Posted on Wednesday, December 4th, 2013 by Angie Han
Some folks like to go all out for Valentine’s Day, planning elaborate dates or wild nights out. But if you’re more of the stay-at-home-with-a-glass-of-wine-and-PJs type, Netflix has got you covered.
The streaming service has just announced that the second season of House of Cards will land on February 14, with all thirteen episodes premiering at once. Check out the first teaser trailer and a new synopsis after the jump.
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Posted on Tuesday, December 3rd, 2013 by Angie Han
So far, one of the ways that Netflix has differed from traditional TV is its model of distribution. Netflix typically releases a whole season at once, rather than parceling episodes out over the course of several weeks or months. But as the streaming service moves into children’s programming, they’re looking to shake up their approach.
Netflix is launching its first original series for kids, DreamWorks Animation’s Turbo FAST, with just five episodes slated to hit Christmas Eve. Learn more about their plans for the show, and watch the first trailer, after the jump.
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Way before Blockbuster said goodbye, the battlefields of streaming video were getting bloody. Studios fought and signed exclusive deals with Netflix, Hulu and others to release both catalog titles, and new releases, on one service or the other. The future has been happening for a while.
One of the (relatively) newer streaming services to enter the game was Amazon. While the company’s streaming service through Prime has a good amount of titles, as well as a growing crop of originally programming, Amazon just signed its first exclusive deal with a film production company. That company is A24 Films, the team behind The Spectacular Now, Spring Breakers and The Bling Ring. Upcoming A24 Films will only stream on Amazon. Read More »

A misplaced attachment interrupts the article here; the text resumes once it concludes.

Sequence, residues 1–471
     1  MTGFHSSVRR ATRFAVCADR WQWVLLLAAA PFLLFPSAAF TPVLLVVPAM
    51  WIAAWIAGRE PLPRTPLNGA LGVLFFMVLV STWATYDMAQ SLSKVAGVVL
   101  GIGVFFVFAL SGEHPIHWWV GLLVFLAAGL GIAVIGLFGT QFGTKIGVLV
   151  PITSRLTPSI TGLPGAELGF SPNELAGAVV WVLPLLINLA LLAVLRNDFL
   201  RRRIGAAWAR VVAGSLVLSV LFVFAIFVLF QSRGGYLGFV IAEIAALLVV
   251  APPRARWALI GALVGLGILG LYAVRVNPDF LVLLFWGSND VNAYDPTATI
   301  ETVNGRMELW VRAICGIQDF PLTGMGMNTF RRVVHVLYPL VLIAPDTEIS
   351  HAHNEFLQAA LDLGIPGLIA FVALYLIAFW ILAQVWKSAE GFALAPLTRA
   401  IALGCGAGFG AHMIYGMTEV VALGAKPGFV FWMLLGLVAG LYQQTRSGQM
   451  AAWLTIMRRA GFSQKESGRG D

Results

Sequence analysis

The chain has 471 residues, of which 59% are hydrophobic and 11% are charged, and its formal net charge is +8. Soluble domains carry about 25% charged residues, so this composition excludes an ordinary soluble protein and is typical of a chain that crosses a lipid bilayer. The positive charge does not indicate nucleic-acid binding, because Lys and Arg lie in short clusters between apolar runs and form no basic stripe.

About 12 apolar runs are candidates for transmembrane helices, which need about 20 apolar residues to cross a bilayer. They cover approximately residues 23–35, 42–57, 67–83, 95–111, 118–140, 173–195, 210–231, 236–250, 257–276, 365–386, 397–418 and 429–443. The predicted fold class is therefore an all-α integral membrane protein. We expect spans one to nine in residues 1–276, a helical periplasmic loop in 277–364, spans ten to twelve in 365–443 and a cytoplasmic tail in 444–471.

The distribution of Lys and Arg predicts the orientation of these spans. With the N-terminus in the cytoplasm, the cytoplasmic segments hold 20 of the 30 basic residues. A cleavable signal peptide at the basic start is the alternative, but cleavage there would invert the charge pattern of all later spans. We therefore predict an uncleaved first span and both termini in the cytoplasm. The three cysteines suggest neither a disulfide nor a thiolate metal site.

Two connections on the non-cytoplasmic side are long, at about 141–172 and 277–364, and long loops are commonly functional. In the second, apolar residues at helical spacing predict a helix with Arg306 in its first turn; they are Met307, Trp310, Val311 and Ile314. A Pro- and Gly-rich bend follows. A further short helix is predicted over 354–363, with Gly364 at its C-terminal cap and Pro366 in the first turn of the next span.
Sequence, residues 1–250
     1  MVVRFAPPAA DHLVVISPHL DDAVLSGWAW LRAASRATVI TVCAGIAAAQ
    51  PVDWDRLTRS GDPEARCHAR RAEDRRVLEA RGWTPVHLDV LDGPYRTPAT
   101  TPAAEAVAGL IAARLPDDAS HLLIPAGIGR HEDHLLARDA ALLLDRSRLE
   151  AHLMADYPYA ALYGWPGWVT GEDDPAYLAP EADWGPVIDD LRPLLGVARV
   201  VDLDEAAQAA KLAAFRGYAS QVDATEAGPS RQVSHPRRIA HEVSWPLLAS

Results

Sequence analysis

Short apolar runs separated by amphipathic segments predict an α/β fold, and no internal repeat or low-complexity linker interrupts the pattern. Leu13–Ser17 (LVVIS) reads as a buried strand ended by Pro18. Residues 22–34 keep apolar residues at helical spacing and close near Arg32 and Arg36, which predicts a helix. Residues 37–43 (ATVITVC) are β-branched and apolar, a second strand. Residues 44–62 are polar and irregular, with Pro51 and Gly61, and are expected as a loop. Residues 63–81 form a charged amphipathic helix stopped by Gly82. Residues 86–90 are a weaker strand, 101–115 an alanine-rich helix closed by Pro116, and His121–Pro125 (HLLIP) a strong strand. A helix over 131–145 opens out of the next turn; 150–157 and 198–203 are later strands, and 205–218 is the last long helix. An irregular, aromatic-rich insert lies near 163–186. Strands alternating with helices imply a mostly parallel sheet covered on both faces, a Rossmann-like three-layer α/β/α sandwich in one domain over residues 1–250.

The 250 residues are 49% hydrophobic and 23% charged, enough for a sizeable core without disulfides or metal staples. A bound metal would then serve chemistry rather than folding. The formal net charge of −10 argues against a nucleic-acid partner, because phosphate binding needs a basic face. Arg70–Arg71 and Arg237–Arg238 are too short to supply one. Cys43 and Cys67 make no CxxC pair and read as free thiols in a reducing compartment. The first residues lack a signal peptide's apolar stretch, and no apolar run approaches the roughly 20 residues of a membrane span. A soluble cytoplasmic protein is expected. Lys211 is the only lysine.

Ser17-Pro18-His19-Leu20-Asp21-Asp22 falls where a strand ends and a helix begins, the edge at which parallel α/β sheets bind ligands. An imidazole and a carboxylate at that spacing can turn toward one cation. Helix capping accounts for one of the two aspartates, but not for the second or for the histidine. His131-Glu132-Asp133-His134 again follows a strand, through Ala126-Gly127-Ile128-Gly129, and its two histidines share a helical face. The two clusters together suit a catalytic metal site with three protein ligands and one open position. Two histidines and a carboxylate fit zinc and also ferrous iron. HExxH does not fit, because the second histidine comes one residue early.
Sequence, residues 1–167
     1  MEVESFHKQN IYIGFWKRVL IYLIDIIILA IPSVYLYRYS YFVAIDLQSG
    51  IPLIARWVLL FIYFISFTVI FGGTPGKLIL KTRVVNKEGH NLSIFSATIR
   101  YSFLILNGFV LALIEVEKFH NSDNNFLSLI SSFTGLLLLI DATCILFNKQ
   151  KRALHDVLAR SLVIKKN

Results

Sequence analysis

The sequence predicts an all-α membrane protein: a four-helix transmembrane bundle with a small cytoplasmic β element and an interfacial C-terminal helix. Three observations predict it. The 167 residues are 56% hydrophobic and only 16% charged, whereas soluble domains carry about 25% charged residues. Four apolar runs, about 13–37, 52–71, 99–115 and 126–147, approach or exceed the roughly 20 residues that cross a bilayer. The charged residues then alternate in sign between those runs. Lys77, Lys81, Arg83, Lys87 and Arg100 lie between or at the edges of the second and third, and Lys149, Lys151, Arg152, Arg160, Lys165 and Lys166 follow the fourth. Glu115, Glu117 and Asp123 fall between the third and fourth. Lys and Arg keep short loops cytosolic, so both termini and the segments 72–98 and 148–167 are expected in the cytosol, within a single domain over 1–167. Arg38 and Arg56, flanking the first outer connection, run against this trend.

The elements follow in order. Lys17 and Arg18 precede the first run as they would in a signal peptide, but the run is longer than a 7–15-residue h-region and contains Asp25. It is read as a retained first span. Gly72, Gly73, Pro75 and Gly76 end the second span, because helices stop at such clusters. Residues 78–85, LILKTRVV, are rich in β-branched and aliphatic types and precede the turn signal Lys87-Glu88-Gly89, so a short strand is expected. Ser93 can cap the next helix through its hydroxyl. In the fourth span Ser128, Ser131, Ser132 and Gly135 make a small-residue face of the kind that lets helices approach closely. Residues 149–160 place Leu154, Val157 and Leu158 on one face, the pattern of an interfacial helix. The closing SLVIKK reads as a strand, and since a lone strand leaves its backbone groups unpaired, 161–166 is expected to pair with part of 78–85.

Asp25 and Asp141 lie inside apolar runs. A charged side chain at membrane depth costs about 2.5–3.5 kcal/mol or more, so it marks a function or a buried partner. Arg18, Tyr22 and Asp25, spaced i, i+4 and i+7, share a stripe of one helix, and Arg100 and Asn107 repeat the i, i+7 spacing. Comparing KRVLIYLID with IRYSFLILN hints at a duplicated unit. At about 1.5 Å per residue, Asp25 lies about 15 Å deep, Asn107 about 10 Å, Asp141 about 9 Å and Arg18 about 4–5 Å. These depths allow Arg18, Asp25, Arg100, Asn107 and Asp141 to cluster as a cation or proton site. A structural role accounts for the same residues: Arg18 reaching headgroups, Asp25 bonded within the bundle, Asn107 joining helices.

When it comes to the original cast of the Star Wars trilogy, most of them give up information pretty easily. Be it Carrie Fisher, Harrison Ford or Anthony Daniels, each has said or done something in the past year suggesting they’re going to return to the Star Wars universe, even though nothing is official. Now add Billy Dee Williams to the list.
Williams recently appeared at Rhode Island Comic-Con and mentioned he was about to do a new project for Netflix. He then said it was called “Rebels,” but couldn’t talk about it. The upcoming animated series Star Wars: Rebels isn’t going to be on Netflix, so maybe he misspoke. Or maybe he’s actually doing a show on Netflix and got the title wrong. Or maybe he’s joining Star Wars: Rebels. Either way, it’s a fun little mystery. Dig deeper below. Read More »
Posted on Friday, November 15th, 2013 by Angie Han
The Killing is really and truly the show that can’t be killed. After not one but two cancellations by AMC, the crime drama has just been resurrected for a fourth season, this time on Netflix. The new season will supposedly be its last, but at this point, who knows if this show is even capable of staying dead? Hit the jump to learn who’s coming back for the next run of episodes, and more.
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Gone are the days of being able to watch The Simpsons in syndication every single evening. The show has been on the air for so long (25 seasons) that many of the original syndications deals have sputtered out. Cable TV companies saw that as an opening and, in recent months, a bidding war began for the rights to air the classic cartoon. A winner has now emerged, but it wasn’t cheap.
FXX, the Fox-owned spin-off channel of FX, will end up paying about $750 million for the rights to air The Simpsons in syndication on their network over the next ten years. The deal also includes the ability to make all seasons available on demand on their soon-to-launch VOD app, FXNow. Read More »
The first name attached to Marvel’s Netflix shows has been revealed. It’s Drew Goddard, director and co-writer of The Cabin in the Woods. He’s in negotiations to write the series based on the blind superhero Daredevil. Read More »
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Blockbuster Video killed the mom and pop video store, and now technology has finally killed Blockbuster Video. After slowly but steadily closing down locations for the better part of a decade, the company announced Wednesday it is finally going to close the final 300 locations by early 2014, and discontinue its rental-by-mail system by the end of 2013. The brand will remain, however, offering movies digitally.
While a few indie stores will always endure, this more or less marks the official end of the video store era. Read More »